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Tropical Storm Ernesto was the seventh tropical cyclone and the fifth named storm of the 2000 Atlantic hurricane season. Ernesto developed from a tropical wave which emerged into the Atlantic on August 28. The tropical wave organized itself over the next few days and was upgraded to a tropical depression on September 1 while it was located roughly 850 miles (1,380 km) east of Barbados. By the next morning, the tropical depression had strengthened into Tropical Storm Ernesto. Strong vertical wind shear did not allow Tropical Storm Ernesto to strengthen further than minimal tropical storm status. After lasting as a tropical cyclone for less than 48 hours, vertical wind shear caused it to dissipate. The remnants of Tropical Storm Ernesto merged with a frontal system several days later.
Tropical Storm Ernesto developed from a tropical wave which emerged from the coast of Africa on August 29. The wave moved westward gaining more convection and a more well-defined low-level circulation. The amount of convection and the low-level circulation allowed it to be classified as Tropical Depression Eight on September 1 at 0300 UTC. Tropical Depression Eight quickly strengthened into a tropical storm and received the name Ernesto, and therefore Tropical Storm Ernesto. All of this happened on September 2 at 0900 UTC as winds became in excess of Template:Convert/mph. Simultaneously, it had also attained its peak intensity, maximum sustained winds were near 40 mph (64 km/h) and the minimum central pressure was at 1008 mbar.
A strengthening subtropical ridge also caused it Tropical Storm Ernesto to continue on its northwestern course a few hundred miles from the Leeward Islands. Despite the strong vertical wind shear, Ernesto maintained tropical storm status for over 48 hours. Wind shear finally took its toll on Tropical Storm Ernesto late on September 3. On September 3 at 1800 UTC, it had been downgraded back to a tropical depression. Tropical Depression Ernesto dissipated on September 4 at 0000 UTC as satellites imagery no longer indicated a closed circulation. The circulation at the time of dissipation was about 246 mi (Template:Convert/km) northeast of Barbuda. Its remnants track over the Atlantic for several days before merging with a frontal cloud system.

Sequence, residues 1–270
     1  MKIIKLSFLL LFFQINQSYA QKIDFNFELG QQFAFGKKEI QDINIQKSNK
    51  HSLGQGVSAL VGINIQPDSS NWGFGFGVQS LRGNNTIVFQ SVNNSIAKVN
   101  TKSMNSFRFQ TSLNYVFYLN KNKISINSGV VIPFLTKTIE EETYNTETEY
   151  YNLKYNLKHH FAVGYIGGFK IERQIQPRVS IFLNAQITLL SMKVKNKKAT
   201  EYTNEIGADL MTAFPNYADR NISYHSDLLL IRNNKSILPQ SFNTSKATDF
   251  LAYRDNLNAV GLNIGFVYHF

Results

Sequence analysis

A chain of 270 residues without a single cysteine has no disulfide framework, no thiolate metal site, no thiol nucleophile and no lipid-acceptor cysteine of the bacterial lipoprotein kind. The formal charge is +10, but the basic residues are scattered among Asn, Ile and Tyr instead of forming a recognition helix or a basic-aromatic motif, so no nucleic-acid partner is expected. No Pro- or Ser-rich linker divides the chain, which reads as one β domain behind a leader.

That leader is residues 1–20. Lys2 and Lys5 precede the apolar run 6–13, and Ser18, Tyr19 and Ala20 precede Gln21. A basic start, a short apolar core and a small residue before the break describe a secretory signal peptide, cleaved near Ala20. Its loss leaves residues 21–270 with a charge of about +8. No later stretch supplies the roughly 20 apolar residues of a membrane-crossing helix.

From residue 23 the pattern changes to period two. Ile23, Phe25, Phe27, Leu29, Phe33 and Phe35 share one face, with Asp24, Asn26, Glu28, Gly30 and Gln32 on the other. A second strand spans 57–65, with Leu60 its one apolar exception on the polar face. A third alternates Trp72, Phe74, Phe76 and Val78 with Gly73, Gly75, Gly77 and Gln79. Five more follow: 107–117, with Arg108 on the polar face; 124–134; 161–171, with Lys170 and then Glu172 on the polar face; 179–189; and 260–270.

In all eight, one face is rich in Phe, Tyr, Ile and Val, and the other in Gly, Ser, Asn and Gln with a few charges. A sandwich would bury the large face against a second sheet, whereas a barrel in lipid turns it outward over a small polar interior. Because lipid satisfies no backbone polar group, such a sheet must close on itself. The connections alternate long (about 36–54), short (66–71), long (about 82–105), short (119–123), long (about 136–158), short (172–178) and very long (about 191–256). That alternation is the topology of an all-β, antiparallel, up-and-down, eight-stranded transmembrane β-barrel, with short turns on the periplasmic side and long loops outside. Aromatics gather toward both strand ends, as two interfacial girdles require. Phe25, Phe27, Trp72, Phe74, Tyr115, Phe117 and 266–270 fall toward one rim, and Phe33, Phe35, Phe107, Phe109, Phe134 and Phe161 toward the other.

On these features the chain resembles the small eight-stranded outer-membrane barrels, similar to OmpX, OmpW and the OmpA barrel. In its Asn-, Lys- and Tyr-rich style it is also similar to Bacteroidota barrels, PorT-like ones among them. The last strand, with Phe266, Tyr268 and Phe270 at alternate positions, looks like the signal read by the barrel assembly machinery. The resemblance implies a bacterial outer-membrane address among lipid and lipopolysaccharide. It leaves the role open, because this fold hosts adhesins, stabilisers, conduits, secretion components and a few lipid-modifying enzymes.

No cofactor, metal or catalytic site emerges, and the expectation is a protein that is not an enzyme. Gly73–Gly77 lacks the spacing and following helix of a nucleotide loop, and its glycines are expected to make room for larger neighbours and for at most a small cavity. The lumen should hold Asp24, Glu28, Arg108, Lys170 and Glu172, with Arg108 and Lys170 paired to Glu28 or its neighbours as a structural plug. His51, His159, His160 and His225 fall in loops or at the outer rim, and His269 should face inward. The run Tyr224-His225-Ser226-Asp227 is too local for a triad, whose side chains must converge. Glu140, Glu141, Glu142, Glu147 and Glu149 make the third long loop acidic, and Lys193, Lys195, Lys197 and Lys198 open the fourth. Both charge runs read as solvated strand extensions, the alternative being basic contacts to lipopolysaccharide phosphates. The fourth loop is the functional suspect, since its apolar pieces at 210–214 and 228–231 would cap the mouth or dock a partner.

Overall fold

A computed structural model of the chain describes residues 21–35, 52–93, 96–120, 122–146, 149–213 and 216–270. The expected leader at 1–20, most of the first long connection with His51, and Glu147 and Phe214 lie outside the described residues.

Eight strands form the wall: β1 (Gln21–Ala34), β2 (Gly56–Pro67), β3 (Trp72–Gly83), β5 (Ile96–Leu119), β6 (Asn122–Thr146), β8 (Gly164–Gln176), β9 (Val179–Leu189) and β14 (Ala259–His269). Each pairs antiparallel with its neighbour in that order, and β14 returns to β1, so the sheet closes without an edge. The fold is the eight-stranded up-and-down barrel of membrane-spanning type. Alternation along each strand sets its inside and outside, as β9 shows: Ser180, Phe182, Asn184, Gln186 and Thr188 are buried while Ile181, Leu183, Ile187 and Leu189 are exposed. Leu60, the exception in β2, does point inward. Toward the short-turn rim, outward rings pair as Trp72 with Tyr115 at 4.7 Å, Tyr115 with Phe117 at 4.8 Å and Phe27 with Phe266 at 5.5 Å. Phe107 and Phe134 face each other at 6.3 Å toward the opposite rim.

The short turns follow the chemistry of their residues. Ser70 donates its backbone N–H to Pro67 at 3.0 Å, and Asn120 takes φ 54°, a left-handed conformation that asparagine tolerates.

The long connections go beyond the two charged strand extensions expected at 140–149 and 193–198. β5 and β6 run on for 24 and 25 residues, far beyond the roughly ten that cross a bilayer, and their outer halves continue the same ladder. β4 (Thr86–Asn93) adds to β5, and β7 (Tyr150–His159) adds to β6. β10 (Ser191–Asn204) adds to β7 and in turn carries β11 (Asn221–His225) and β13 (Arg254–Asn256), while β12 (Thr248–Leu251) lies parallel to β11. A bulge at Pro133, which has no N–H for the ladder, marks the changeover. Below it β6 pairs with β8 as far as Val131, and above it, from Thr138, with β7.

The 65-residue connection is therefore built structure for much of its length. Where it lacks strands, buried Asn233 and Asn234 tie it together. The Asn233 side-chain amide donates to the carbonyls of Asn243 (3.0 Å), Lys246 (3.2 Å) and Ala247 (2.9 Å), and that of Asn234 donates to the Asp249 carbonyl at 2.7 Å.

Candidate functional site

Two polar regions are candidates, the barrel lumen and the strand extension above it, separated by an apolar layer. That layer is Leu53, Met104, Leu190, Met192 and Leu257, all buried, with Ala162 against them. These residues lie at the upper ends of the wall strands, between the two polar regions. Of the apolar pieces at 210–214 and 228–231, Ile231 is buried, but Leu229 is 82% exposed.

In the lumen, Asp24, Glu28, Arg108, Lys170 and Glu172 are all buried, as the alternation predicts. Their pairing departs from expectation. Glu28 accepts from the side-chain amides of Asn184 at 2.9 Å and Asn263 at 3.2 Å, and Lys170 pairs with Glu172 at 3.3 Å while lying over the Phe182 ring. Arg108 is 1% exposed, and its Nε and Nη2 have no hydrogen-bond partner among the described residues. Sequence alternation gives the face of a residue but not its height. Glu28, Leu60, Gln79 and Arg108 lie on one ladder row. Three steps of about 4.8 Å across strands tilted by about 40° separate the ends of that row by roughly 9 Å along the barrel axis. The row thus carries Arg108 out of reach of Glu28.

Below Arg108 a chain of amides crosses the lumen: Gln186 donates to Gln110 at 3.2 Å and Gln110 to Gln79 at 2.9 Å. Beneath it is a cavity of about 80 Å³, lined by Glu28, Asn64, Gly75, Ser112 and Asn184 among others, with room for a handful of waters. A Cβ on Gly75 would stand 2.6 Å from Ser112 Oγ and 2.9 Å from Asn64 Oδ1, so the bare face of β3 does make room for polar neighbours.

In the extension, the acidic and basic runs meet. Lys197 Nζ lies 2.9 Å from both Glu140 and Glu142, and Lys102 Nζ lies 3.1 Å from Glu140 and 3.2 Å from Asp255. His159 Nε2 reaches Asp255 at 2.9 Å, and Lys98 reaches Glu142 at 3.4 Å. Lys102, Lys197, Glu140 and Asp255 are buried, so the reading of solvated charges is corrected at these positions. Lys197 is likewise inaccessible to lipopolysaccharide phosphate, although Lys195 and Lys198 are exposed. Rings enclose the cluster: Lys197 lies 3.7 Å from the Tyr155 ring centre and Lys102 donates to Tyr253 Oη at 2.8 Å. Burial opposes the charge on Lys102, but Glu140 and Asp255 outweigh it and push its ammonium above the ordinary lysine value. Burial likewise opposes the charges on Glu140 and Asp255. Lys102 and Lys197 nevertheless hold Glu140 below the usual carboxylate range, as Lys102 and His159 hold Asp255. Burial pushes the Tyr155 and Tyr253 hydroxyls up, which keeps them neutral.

There was a slight possibility that Tropical Storm Ernesto was not a tropical cyclone. QUICKSCAT had indicated an open tropical wave instead of a closed circulation when Tropical Depression Eight was upgraded to Tropical Storm Ernesto. Since it was tracked solely by satellites, post-analysis found no further data existed to support the theory Tropical Storm Ernesto did not have a close circulation. After the analysis it remained classified as a tropical cyclone and was not excluded from the National Hurricane Center's database.
Tropical Storm Ernesto remained greater than 250 miles from the Leeward Islands; it was not predicted to approach the islands. Also there were no tropical storm watches or warnings issued in association with Tropical Storm Ernesto.
- ↑ 1.0 1.1 1.2 1.3 Lawrence, Miles (October 16, 2000). "Tropical Storm Ernesto Tropical Cyclone Report". National Hurricane Center. http://www.nhc.noaa.gov/2000ernesto.html. Retrieved 5 February 2010.
- ↑ Avila, Lixion (September 1, 2000). "Tropical Depression Eight Advisory Number 1". National Hurricane Center. http://www.nhc.noaa.gov/archive/2000/pub/PAL0800.001.html. Retrieved 6 February 2010.
- ↑ Stewart, Stacy (September 2, 2000). "Tropical Storm Ernesto Advisory Number 2". National Hurricane Center. http://www.nhc.noaa.gov/archive/2000/pub/PAL0800.002.html. Retrieved 6 February 2010.
- ↑ Pasch, Richard (September 3, 2000). "Tropical Depression Ernesto Advisory Number 8". National Hurricane Center. http://www.nhc.noaa.gov/archive/2000/pub/PAL0800.008.html. Retrieved 6 February 2010.